In other words, it was an all-or-nothing type of performance—with much more nothing than all.
It was enough to send yet another Buckeyes quarterback to the transfer portal, though.
Tathan "Tate" Martell left for Miami shortly after Fields transferred from Georgia to Ohio State. And a few days after the spring game, Matthew Baldwin (20-of-37, 246 yards, 2 TD, 2 INT) also decided his best hope for playing time was at a school other than Ohio State.
At this point, the full Buckeyes depth chart of scholarship quarterbacks is Fields and scarcely used West Virginia transfer Chris Chugunov. That's a scary proposition for any team with national championship aspirations, but especially for one with a mobile—translation: more likely to suffer minor injuries throughout the season—starter.
If Fields has any uneven performances like he did in this spring game, Ohio State no longer has any sort of Plan B.
Terry Wilson, Kentucky
Kentucky stunned the college football world this past season with a 10-3 record. After 10 consecutive seasons with seven or fewer wins and 40 straight years with a single-digit number in the win column, the Wildcats unexpectedly defended and rushed their way into an incredible campaign.
Had they been able to move the ball through the air with more consistency, they might have had a shot at the SEC title.
Starting quarterback Terry Wilson finished the year with a 133.9 passing efficiency rating—not even good enough for top 10 in the conference.
In the spring game, though, he was more than twice that efficient. He completed 10 of 12 pass attempts for 191 yards and two touchdowns. That was good for a rating of 272.0.
The deep ball was never much of an option for Wilson last year. He had just nine completions (in 268 total attempts) that went for 30 or more yards, none of which resulted in a gain of at least 60. But in 12 passes in the spring game, Wilson connected on a 42-yard touchdown to Lynn Bowden and a 60-yard pass to Isaiah Epps.
Epps had more yards in this scrimmage (97) than he had in the entire 2018 season (76). Maybe it was an anomaly, or maybe a breakout year is coming. Either way, he is one of many UK receivers who should get more looks now that star running back Benny Snell Jr. is out of the picture. And if Wilson keeps throwing anywhere close to as well as he did in the spring game, Kentucky might win 10 games again.
James Blackman and Jordan Travis, Florida State
It's a constant conundrum with gaudy spring game stats: Is the offense really this good or is the defense really this bad? Considering Florida State allowed opposing quarterbacks to throw for 3,224 yards and 30 touchdowns last year—both marks higher than in any of the previous 15 seasons—the latter is a legitimate concern in Tallahassee.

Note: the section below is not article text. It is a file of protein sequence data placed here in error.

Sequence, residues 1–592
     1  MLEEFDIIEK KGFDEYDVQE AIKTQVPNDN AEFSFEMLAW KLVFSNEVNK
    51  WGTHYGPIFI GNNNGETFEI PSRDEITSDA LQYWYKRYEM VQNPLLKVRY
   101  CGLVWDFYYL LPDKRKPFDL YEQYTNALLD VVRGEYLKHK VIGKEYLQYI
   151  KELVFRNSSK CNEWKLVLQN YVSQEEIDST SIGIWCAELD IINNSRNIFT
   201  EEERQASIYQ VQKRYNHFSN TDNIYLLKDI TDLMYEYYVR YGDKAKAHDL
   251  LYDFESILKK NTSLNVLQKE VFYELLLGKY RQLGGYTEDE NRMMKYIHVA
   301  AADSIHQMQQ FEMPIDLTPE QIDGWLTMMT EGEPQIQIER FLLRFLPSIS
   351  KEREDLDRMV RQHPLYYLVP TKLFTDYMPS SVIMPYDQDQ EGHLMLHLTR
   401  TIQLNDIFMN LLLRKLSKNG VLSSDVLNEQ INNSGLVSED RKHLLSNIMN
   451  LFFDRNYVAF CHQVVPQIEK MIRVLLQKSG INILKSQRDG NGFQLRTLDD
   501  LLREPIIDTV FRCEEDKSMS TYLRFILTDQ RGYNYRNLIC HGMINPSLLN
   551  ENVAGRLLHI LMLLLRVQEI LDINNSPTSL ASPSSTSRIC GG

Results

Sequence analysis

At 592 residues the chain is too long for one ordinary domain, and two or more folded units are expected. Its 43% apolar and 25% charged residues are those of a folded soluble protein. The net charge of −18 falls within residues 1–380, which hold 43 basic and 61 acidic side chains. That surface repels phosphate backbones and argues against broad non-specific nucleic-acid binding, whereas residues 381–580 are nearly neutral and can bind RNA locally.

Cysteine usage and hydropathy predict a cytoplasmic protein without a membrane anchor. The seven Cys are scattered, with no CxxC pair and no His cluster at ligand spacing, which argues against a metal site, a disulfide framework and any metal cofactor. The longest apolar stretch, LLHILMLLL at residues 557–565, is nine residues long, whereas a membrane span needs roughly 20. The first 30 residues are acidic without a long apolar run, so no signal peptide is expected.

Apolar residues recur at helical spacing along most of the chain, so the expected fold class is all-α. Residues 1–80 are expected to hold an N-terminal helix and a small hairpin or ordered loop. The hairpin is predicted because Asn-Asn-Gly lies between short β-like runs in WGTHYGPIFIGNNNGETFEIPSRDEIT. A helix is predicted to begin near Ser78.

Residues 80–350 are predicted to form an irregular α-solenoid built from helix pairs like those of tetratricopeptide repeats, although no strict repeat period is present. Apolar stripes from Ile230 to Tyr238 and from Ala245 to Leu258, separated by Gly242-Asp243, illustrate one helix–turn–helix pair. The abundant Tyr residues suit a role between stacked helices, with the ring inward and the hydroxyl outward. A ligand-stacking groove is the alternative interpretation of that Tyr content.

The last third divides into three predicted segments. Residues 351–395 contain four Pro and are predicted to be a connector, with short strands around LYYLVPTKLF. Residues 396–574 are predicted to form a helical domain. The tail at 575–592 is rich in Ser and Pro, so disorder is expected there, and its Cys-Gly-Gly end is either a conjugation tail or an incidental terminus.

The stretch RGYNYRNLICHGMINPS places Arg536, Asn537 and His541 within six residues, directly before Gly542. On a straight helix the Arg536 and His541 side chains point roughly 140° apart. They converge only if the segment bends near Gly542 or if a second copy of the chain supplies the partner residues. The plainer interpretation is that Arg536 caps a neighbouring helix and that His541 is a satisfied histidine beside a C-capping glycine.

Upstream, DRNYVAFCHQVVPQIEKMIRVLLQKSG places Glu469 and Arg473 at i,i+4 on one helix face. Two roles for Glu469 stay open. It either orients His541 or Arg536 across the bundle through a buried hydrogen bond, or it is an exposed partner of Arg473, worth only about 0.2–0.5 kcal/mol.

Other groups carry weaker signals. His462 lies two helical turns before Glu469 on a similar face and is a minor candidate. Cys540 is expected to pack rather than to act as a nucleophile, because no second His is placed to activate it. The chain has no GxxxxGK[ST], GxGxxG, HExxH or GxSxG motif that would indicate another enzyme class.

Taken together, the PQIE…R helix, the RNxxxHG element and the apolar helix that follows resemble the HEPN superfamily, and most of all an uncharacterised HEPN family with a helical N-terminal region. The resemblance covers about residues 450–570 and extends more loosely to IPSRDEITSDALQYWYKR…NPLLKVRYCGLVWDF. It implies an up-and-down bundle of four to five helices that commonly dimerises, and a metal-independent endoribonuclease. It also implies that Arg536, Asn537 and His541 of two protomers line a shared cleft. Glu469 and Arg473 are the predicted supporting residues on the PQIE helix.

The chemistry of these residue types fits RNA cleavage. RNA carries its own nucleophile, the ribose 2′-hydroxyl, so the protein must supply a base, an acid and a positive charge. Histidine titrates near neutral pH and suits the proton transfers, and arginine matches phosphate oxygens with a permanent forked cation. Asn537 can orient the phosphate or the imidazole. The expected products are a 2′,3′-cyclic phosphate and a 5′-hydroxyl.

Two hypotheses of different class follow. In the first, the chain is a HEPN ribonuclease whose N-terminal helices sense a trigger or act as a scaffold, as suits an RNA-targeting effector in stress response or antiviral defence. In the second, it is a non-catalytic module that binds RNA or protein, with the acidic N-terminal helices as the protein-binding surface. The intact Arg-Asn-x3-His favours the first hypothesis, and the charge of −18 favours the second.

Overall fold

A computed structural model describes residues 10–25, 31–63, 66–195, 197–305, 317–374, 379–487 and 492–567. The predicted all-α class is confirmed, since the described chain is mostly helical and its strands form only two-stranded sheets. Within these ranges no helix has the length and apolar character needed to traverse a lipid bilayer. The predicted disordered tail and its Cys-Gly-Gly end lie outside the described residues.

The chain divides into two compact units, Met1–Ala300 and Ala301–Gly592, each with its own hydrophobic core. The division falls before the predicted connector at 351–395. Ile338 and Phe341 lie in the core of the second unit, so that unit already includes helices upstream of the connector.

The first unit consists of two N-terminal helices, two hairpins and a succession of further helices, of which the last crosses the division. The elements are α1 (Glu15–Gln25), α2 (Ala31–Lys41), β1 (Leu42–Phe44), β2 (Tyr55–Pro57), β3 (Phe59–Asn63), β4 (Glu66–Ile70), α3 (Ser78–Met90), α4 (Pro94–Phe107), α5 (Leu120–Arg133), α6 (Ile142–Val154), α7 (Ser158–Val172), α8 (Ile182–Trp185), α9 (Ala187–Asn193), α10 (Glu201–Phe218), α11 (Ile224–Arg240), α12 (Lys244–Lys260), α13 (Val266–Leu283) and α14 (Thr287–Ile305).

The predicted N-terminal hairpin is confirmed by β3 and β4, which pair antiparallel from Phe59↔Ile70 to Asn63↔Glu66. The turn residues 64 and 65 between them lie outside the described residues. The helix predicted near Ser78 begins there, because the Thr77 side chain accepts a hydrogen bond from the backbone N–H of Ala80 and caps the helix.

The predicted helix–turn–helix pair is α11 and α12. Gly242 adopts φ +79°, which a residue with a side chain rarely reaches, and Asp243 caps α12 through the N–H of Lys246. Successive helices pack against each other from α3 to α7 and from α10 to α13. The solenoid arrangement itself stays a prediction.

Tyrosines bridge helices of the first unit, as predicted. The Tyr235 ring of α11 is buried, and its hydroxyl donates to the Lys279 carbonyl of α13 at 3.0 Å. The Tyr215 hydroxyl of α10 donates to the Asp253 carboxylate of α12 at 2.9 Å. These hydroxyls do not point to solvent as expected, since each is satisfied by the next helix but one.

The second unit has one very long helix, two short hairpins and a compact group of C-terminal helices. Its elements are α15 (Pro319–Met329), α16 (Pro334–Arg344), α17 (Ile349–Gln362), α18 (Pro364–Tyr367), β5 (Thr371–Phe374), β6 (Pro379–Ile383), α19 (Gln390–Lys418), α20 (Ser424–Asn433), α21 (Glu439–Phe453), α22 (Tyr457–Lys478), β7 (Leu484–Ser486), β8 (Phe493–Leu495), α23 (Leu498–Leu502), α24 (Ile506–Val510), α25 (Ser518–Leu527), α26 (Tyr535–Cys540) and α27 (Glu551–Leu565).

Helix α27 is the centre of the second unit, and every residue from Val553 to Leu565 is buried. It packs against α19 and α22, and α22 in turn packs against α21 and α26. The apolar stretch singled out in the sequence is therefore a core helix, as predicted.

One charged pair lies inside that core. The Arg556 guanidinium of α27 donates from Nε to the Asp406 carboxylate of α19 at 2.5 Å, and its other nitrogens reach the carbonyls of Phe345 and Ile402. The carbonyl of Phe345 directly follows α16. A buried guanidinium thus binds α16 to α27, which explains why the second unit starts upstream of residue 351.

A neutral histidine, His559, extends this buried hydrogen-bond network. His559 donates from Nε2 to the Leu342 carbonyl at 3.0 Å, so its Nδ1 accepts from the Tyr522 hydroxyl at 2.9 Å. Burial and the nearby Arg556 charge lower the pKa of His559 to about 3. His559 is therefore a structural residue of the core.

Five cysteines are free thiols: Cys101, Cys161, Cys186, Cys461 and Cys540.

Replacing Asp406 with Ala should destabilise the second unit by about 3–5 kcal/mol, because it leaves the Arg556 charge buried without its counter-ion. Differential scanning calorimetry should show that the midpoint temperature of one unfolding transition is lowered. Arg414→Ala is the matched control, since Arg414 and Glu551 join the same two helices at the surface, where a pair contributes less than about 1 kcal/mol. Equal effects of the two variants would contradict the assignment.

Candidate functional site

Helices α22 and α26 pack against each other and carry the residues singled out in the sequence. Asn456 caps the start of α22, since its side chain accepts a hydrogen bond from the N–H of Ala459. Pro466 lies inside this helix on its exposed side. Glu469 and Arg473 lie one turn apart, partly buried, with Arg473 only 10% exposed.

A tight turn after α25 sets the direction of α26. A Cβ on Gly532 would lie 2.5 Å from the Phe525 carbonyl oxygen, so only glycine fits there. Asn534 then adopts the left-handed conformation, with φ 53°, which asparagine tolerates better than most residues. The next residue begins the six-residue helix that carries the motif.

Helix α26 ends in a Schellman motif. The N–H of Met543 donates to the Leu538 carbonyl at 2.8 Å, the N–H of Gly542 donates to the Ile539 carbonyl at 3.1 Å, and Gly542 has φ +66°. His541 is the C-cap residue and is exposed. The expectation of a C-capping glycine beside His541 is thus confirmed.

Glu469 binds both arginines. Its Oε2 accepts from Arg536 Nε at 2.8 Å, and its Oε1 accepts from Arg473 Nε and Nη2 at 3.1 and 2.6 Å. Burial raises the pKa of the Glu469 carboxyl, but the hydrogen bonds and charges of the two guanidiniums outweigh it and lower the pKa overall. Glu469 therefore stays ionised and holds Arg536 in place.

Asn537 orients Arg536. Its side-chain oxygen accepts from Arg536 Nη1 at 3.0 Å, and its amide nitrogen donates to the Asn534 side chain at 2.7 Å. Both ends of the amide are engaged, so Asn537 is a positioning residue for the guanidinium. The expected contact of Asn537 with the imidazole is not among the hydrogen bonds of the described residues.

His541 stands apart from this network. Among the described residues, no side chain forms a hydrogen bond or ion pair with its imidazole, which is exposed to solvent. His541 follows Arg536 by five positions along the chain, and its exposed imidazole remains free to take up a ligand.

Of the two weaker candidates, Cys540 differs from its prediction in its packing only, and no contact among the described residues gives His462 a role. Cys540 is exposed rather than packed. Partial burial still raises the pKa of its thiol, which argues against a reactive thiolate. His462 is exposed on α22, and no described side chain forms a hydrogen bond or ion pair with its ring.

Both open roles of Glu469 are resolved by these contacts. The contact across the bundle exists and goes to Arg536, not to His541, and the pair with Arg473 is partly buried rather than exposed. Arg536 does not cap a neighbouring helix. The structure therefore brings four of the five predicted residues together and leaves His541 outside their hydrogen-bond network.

But hope springs eternal in April, and Seminoles fans should instead be optimistic with how good both of their primary quarterbacks looked.
James Blackman is the projected starter with Deondre Francois gone, and he threw for 415 yards and three touchdowns in the Garnet and Gold spring game. Blackman averaged better than 18 yards per completion thanks to three bombs that went for at least 50 yards each.
His counterpart, Jordan Travis, also threw the ball well, completing 22 of 28 attempts for 241 yards. Travis didn't have any passes of 40 or more yards, but he was mistake-free.
Factor in lesser contributions from Alex Eleyssami and Nolan McDonald, and there were 784 passing yards, four touchdowns and no interceptions in the game. But, again, for the sake of Florida State fans, let's assume that was good quarterback play rather than dreadful defense.
It's still unclear whether Travis will be granted a waiver for immediate eligibility after transferring in from Louisville, but he should give Wisconsin transfer Alex Hornibrook a run for his money on the depth chart if he is allowed to play this year. (Hornibrook won't enroll until the summer and was not part of the spring game.)
Anthony Gordon, Washington State
Mike Leach's primary quarterback has thrown for at least 4,555 yards in nine of his last 16 seasons as a head coach. Graham Harrell did it three times while Leach was with Texas Tech, but he was the only repeat "offender" on the list. Leach has had seven different quarterbacks hit that mark, including Gardner Minshew II last year (4,779 yards).
That air raid offense just keeps producing monster seasons regardless of who is actually throwing the ball. Thus, big things will be expected from the winner of the battle for the starting job.
So, who is the leader in the clubhouse for that gig?
Based on the spring game, redshirt senior Anthony Gordon looks like the guy to beat.
Gordon was 21-of-30 for 234 yards with three touchdowns and an interception. All three scores came in the first 19 minutes of the game. Senior Trey Tinsley and freshman Cammon Cooper combined for one touchdown and four interceptions, and Eastern Washington graduate transfer Gage Gubrud was unable to play because of an ankle injury that has limited him throughout the spring.
Gubrud threw for nearly 10,000 yards over the past three seasons and probably would have been the front-runner for the starting position with a healthy spring, but he'll need to prove his mettle this fall to move ahead of Gordon—even though the latter option has only attempted five regular-season passes (including one interception) in his college career.
Tate Martell, Miami
Tate Martell had a doubly head-turning afternoon for the Hurricanes.
First, folks were surprised to discover that the Ohio State transfer was neither the first nor the second quarterback to take the field. N'Kosi Perry and Jarren Williams saw action prior to Martell, indicating that—at least to begin the day—Martell was third on Miami's depth chart.
Once he got the chance to play, though, Martell showed why he was such a highly rated recruit, why he put up such impressive numbers in limited playing time last season and why he will probably be the starter by the time the 2019 season begins.
Martell completed 6 of 10 attempts for 154 yards with two touchdowns. Impressive, efficient numbers, but even more remarkable is that he did most of that damage while leading the second-team offense against the first-team defense.
Perry and Williams had similar completion percentages against the second-team defense, but their yards per attempt and touchdown/interception figures weren't as good as what the new guy was able to accomplish after just a couple of months with the team.
It's not the path to playing time that the No. 5 quarterback in the 2017 recruiting class was expecting to encounter, but the redshirt sophomore could become a star in a hurry with the Hurricanes.